Milton teens who experienced overdoses actually consumed synthetic cannabinoids: police
Two 18-year-olds from Milton who experienced suspected overdoses from what they believed to be from consuming salvia had actually ingested synthetic cannabinoids, according to police.
Halton Regional Police say synthetic cannabinoids are man-made chemicals that mimic the effects of cannabis and can be found in drugs such as Spice and K2.
Officers warn that these cannabis-like products are dangerous because there is no quality control.
On the afternoon of May 15, police found the 18-year-old teens outside a home showing obvious signs of a suspected overdose. Officers administered naloxone to both men. One received a single dose before regaining consciousness. The other remained unresponsive and needed a second dose of the overdose reversal drug.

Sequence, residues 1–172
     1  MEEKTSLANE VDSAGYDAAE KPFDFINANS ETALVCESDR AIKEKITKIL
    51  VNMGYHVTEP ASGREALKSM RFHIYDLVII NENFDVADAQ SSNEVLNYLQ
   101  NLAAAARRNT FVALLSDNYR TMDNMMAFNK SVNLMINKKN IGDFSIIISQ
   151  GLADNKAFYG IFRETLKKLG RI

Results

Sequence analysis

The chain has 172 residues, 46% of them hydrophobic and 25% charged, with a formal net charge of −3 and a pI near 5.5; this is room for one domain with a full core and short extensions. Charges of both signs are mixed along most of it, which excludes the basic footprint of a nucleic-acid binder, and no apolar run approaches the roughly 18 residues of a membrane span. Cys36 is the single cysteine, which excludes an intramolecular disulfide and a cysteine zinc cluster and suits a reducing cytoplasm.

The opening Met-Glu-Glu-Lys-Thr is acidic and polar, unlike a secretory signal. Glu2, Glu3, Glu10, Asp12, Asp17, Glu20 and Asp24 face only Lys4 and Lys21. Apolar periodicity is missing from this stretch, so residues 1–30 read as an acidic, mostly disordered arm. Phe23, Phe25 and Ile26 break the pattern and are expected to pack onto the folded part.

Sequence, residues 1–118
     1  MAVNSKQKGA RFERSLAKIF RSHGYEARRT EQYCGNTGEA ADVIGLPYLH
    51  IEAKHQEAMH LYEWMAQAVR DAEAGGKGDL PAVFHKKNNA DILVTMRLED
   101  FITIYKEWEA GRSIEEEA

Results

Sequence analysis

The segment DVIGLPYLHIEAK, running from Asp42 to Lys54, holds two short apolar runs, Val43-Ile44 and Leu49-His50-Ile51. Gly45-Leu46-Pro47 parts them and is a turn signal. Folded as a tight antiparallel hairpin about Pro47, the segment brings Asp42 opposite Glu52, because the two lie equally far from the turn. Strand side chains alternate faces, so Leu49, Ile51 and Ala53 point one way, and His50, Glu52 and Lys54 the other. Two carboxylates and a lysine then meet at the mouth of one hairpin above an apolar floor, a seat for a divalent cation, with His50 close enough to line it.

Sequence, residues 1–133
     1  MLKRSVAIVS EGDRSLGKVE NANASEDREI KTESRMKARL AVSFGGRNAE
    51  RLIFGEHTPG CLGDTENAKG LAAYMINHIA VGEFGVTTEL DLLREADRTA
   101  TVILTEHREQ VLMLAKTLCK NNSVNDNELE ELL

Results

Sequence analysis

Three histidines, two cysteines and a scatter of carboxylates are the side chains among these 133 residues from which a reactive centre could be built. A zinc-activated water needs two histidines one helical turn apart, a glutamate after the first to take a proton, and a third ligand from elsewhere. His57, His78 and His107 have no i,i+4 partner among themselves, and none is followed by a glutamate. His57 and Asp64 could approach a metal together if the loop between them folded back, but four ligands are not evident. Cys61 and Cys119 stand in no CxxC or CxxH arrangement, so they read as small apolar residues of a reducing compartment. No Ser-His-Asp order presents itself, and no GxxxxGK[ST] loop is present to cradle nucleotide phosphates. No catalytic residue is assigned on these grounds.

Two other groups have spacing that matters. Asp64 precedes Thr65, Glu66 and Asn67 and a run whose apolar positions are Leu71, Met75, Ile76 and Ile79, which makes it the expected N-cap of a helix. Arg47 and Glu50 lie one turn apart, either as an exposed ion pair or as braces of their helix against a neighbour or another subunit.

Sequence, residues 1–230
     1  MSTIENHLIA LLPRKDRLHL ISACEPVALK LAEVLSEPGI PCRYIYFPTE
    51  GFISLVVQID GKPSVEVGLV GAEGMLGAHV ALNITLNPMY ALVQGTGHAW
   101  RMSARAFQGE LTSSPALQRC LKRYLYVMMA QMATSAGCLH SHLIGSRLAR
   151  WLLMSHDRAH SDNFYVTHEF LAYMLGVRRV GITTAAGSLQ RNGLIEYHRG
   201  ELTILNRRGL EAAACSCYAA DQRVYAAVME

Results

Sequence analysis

Investigators submitted a number of samples to Health Canada and the Centre of Forensic Sciences for analysis to determine the cause of these two overdoses.
WATCH: Milton teens hospitalized after consuming mystery drug (May 16)
Police said the results indicated that the men were not exposed to an opioid but had ingested synthetic cannabinoids.
Officers said most synthetic cannabinoids are unknown, untested and can change from product to product.
Health Canada recommends avoiding consuming synthetic cannabinoids as they can cause severe illness and even death, said police. Officials warn there is no safe way to use the substance.
—With files from Jessica Patton and Shallima Maharaj
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